For Gaviotas: A Village to Reinvent the World book group: do the assigned readings before you come to class on the date listed; enter your reading homework for these three questions here (remember to enter useful comments on your topic page, as well).

2/28 3/14 3/28 4/11 4/25
Overture & beginning of Part I to p. 57 remainder of Part I & beginning of Part II to p. 101 remainder of Part II and post responses for Part I & II beginning of Part III to pp. 202) remainder of Part III & Afterward and post responses for Part III & Afterward
  1. Explain how one idea in the reading relates to other topics already covered in class or something you learned elsewhere (another class or life experience).
  2. List what you think are the three to five most important points made in the reading.
  3. Write a question to provoke discussion among others who read the same passage.

8 Responses to “Gaviotas

  1. kevinbice Says:

    1. When I read about the school at Gaviotas, I got to thinking about this man I met from the Amazanga Tribe. He was going around the country talking to people in small-group, house gatherings trying to raise money to buy back his tribe’s ancestral lands from Valero to start a school. I think it’s called the School of Guayusca. So after being in the US for a long time, he finally did it, raised the couple thousand his tribe needed, and no the School of under construction I believe.

    2. a. Community is of the utmost importance, even before the research and making money. It was the community of people that kept Gaviotas alive, not the money or the research.
    b. The community was founded on respect: everyone respected everyone else, and if someone showed disrespect for the community’s harmony, then they were respectfully shunned until they’d atoned.
    c. When the community was threatened, everyone came together to over come it: The fire, financial threats, guerillas, etc. everyone did what they could to divert the problem.
    3. What does a person do to be that actively engaged in their community, how does a person love their community like that? A community must build up from the people in it, so the people in it must care deeply about it. How would you, as an individual committ to a community like that?

  2. sarabu12 Says:

    1. We talked a few times in class about systems. I think its very important to understand how all of the systems in Gaviotas worked. There was a system of trial and error for each new invention, havng to go through the brainstormers, and then builders (and, usually, an approval from Lugari).
    2.a. students, street kids, professors, artists, natives from nearby, and people trying to escape the violence of metropolitan Columbia all came together with their own unique views to make Gaviotas work.
    b. Gaviotas is a community, but also, something like an employee owned corporation, donating technology to those who need it most, as long as they could get donations, or make money themselves.
    c. Paolo Luari was a chaismatic indivdual who managed to bring together just about the perfect group of people to make a happy, healthy, sustainable society.
    3. What factors made Gaviotas a success, and what factors hindered them along the way,(what could they have done better)?


  3. Hi all! I’m not part of this group but I thought it would be cool if anyone who wants to trade books tomorrow with another group, bring your copy.

  4. beverly1748 Says:

    ok, i found a way in afterall (it wouldn’t let me in)
    1- the whole idea of forming a community whose goals are to work together in a supportive environment & live in harmony with nature reminds me of what many of us did in the late ’60’s, early ’70’s. saddened by the vietnam war & corporate america’s co-opting of all life forms, many of us decided to “go back to the land” in the same vein as gaviotans. i personally ended up in oregon & at different times lived without running water & power; converted a chicken coop with a little help from my friends into a living space. we had our babies at home which was the return of the home birthing movement & breast feeding over chemical formulas. we began learning about & treating our health naturally, beginning the alternative health movement. i lived in a teepee for a summer with my 10 month old baby, so there was lots of experimentation with alternative, simpler living spaces, as in gaviotas. growing organic food was part of our health & respecting nature consciousness, which was considered quackery at the time & now some mainstreams docs, at least in our area, actually embrace some of these natural methods of healthcare, especially healthy eating. what we lacked was money for land & resources to do alternative energy such solar, as was true in gaviotas, except that they had educational expertise and connections to resources. some did get creative and did things like ran black hoses on the roof for solar showers. dave blume developed & wrote about making homemade fuel, ethanol, from food waste. we made things like clothes, moccasins, candles, tinctures, salves soaps, etc. i think that like gaviotas we thought we would be a model for others to emulate—well, at least eventually. unlike gaviotas, however, although many of us tried many times, we did not succeed with living together in community. we did succeed at larger community such as food co-ops and community credit unions. i think we americans are too spoiled & used to having it our way.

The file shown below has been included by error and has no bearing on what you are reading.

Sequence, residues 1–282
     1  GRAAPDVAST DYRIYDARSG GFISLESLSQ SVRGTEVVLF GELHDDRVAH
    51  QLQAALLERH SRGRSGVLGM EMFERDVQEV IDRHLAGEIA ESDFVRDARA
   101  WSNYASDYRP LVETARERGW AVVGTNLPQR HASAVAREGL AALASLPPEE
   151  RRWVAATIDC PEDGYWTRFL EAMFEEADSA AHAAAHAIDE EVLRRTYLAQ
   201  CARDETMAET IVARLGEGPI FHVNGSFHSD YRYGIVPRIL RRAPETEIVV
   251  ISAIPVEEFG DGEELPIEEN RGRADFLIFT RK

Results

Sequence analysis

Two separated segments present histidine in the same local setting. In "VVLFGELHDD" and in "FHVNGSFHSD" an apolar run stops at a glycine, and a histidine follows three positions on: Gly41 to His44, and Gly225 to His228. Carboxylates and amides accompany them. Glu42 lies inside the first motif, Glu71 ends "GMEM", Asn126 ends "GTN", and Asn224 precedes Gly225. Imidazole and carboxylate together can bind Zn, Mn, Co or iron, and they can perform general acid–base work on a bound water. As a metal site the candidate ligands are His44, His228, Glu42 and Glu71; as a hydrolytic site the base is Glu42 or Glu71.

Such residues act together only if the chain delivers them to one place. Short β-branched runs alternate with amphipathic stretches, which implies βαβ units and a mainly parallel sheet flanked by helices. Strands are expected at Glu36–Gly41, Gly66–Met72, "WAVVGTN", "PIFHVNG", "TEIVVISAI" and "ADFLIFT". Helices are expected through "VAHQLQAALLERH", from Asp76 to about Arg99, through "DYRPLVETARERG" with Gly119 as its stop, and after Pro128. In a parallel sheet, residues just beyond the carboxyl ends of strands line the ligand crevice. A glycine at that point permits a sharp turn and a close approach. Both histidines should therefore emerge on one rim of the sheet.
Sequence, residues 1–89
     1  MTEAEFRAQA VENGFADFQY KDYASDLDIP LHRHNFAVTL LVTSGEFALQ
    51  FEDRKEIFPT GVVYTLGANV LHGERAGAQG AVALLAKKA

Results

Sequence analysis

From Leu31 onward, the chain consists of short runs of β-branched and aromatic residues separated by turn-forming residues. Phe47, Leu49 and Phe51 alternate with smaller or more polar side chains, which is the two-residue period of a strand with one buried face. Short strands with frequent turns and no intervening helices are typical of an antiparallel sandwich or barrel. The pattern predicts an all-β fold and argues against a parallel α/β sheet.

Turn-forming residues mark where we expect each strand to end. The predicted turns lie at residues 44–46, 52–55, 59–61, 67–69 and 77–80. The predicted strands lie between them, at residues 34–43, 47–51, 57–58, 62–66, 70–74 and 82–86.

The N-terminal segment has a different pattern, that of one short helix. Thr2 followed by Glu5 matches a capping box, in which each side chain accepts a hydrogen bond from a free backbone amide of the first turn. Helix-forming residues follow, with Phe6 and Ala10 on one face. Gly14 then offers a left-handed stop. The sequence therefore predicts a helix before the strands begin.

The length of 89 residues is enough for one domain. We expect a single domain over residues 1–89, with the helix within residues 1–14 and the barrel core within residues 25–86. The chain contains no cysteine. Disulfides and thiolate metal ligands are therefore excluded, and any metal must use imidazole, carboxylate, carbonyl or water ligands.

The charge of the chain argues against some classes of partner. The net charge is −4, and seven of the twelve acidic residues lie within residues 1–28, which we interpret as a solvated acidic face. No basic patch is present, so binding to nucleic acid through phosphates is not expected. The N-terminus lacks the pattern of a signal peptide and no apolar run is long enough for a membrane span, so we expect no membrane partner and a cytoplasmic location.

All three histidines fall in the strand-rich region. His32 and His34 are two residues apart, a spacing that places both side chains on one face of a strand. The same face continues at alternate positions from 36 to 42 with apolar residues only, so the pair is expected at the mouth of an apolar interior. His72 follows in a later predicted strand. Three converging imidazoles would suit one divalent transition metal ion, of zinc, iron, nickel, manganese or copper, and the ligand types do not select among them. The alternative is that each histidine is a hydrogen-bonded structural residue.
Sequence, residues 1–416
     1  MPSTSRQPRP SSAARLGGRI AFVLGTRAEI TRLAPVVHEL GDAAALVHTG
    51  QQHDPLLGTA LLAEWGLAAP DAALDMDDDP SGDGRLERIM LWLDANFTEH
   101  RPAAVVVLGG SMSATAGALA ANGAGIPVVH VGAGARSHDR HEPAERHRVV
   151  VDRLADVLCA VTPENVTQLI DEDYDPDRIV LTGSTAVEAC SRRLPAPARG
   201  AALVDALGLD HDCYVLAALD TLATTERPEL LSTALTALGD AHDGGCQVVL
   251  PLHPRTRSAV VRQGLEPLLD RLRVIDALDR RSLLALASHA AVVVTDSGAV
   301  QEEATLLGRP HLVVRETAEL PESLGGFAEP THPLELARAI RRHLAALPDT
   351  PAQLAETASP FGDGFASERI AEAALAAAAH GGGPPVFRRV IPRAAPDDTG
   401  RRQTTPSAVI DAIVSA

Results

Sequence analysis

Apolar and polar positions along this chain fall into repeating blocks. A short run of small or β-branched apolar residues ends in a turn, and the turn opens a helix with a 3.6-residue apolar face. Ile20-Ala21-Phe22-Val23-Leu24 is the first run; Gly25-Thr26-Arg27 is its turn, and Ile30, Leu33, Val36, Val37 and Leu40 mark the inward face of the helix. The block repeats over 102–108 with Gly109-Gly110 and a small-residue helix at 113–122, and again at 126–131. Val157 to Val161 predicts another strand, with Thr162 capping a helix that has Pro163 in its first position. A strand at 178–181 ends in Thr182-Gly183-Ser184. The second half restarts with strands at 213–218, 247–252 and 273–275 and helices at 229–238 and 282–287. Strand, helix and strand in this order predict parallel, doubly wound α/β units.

2- so many interesting points. a) what stands out most importantly was how they just kept trying, as with how to grow food there. i am so inspired by this. today i thought that i had discovered something cool by leaving some seedlings on the dash of my car using it as a greenhouse & they fried. my first response was, well, i guess that doesn’t work. then i thought of how the engineers at gaviotas spent 6 years at something or 2 years perfecting another and sometimes succeeded, but as with the solar refrigerator (which i love the idea) they never succeeded but the engineer said he’d continue trying. i’m trying another way of having the remaining seedlings in my car–and i watered them.